Hanal Pixán, and the Paseo de las Ánimas

1 comment:
I have gone to every Hanal Pixán, and the Paseo de las Ánimas here in my neighborhood since we settled in to our house.  I rave about the event.  It is my favorite event of the year.  I don't attend other fabulous events so as not to miss this one.

Here are a couple of my posts about the Hanal Pixán, and the Paseo de las Ánimas from the past.
2009
2012

We have seen an evolucion of this event over the past few years.  Each year more and more people attend. We were surprised when about 3 or 4 years ago the City started setting up a stage and scheduling performances. We see more and more government sponsored altars.
We see more often government officials coming to have foto ops, both with the government sponsored altars and at some of the family altars.
We notice more and more police presence, mostly for crowd control.
We see more and more food selling booths.
See the City's webpage on the event here!

This year, I once again raved about it.  Even went so far as to invite a group of folks over early enough that they could get parking in front of our house.  We snacked, drank, and visited till near on to 7:30.  I explained that once we got to 66 a group our size could not stay together, it's just too hard.  So we split in to smaller groups and crossed paths during the evening.

This year the event was to start at 6pm, at the Cementerio General, progress North on 66 to La Ermita, then proceed for the first time on to parque de San Juan.  Always in the past La Ermita was the terminus.

It was curious to me that this year the advertising stated that the event would start so early, at 6PM.  But hey, things happen, things changed.

So about 7:30 we head over, just a block away.   The crowds are staggering.  I've never seen so many people.   At one point I got caught in one of those human crushs, wedged so tightly in a group that you can't move.

A rather narrow passage had been created between the new stage location and the house on the opposite side of the street.  There was no order and people were trying to go in both directions with no one giving, We were all stopped in this human sardine can effect, when finally a group of maybe twenty something years old boys decided to affect some change.  The started pushing through the crowd causing those already stuck  and pressed to start losing their balance.  At one point I had to grab an older woman as she was slowly slipping down.  It was quite frightening.  I glanced around for Tom and saw him, also stuck about 20 feet behind.  There was nothing we could do.  I made it through once the movement started, and was able to make my way around the park.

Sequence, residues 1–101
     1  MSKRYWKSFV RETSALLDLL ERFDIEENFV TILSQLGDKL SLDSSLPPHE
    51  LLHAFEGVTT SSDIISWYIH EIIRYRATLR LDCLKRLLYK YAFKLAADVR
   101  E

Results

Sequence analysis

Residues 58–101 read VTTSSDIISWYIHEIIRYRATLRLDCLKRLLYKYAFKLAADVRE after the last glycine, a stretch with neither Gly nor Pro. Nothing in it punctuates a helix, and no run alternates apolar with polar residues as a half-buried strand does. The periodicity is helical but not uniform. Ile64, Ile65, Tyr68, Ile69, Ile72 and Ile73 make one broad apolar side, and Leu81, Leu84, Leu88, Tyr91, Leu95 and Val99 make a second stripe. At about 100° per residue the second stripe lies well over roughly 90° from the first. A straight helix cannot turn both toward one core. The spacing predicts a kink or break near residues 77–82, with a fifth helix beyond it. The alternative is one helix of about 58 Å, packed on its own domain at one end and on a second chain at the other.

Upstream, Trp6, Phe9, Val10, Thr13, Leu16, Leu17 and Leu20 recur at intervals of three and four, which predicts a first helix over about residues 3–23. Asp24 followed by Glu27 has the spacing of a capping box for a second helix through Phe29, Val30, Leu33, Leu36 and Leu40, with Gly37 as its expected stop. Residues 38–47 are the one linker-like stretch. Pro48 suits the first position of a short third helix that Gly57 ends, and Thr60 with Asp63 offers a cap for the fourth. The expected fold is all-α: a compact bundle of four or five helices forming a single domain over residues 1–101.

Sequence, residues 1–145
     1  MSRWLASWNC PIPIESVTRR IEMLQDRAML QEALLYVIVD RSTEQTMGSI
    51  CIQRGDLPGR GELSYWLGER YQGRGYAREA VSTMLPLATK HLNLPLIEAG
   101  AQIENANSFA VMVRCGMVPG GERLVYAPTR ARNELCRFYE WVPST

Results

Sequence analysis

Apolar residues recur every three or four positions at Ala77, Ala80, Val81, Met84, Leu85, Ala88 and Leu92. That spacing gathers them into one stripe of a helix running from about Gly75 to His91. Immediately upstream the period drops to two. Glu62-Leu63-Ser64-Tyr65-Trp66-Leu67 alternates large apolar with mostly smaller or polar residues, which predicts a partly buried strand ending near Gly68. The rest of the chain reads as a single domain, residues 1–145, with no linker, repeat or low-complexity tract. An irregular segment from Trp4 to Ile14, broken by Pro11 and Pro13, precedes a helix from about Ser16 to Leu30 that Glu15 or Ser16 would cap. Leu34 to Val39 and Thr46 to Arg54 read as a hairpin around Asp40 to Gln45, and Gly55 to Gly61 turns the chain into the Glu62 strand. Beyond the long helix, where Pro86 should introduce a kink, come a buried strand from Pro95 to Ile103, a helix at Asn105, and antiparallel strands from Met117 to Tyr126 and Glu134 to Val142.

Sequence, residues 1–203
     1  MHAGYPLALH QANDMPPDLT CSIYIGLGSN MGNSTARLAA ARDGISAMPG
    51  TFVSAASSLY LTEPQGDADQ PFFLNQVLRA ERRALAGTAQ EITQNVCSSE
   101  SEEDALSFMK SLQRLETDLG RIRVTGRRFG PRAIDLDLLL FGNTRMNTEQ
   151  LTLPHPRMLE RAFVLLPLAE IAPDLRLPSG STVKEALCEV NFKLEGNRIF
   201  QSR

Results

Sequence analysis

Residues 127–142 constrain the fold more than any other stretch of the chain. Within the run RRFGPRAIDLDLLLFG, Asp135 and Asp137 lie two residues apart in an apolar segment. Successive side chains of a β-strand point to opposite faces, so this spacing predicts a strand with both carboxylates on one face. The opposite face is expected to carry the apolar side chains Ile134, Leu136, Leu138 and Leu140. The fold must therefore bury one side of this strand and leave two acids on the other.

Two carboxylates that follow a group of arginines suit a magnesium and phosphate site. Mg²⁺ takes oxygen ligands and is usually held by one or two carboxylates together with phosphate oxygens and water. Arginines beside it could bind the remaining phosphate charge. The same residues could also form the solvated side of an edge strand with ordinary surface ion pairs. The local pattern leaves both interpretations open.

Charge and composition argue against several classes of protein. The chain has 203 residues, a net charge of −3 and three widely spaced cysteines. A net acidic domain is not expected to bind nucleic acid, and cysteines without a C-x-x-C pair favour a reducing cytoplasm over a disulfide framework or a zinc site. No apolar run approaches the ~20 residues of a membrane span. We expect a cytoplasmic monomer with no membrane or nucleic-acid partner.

Later on the police became a human divider and forced to lanes, one in each direction  - This really helped.

This is a foto of a crowd later on, one that was not so scary or dangerous, but still quite intimidating.



 Ir was the placement of the stage that created a serious bottleneck, as people wanted to watch., And there were only a select few with in a ringed perimeter around the stage that could enjoy any of the performances.  The rest of us could catch glimpses as we filed past.



We were barely able to see the altars until well past about calle 81 on 66.  
When we finally managed to get farther South on 66, things opened up.  We could see the altars, and some of the costumed participants - 










We waited and waited, but there were no signs or signals of the procession getting anywhere near.  Finally, about 9:30, we were getting foot sore and back tired, so we headed home.  We thought we'd go back after a bit, but others from our earlier invitees stopped in.   And well, that was that.  We missed the Paseo, and I'm not sure I'll pass up other events next year to be able to do this one again.  It may have run it's course for me.

OR, maybe I'll go to the cemetery and then follow the procession???????

my new camera

1 comment:

Whilst in Italy recently we visited Pisa, 
to see the famed Leaning Tower of course.    

So silly, but when we rounded the corner and caught our first glimpse of it we turned and looked at each other, and we each had this huge goofy grin!

I mean, this is an iconic structure, you hear about it your whole life, and most of us think we'll never see it outside of print.  But there we were, in the presence of this awesome site.


 from this angle the lean is to the left,  which is the most pronounced,
 but from one side it actually looks in vertical alignment


As you can imagine we walked with eyes lifted to the soaring 55.86 meter (183.27 feet) height of this incredible structure.   Prior to the restoration work which was performed between 1990 and 2001, the towers lean was at an angle of 5.5 degrees.  The tower now leans at about 4 degrees. Which means that the top of the tower has a horizontal displacement of 3.9 meters (12 ft 10 in) from where it would be if the structure were perfectly vertical.  Incredible, eh?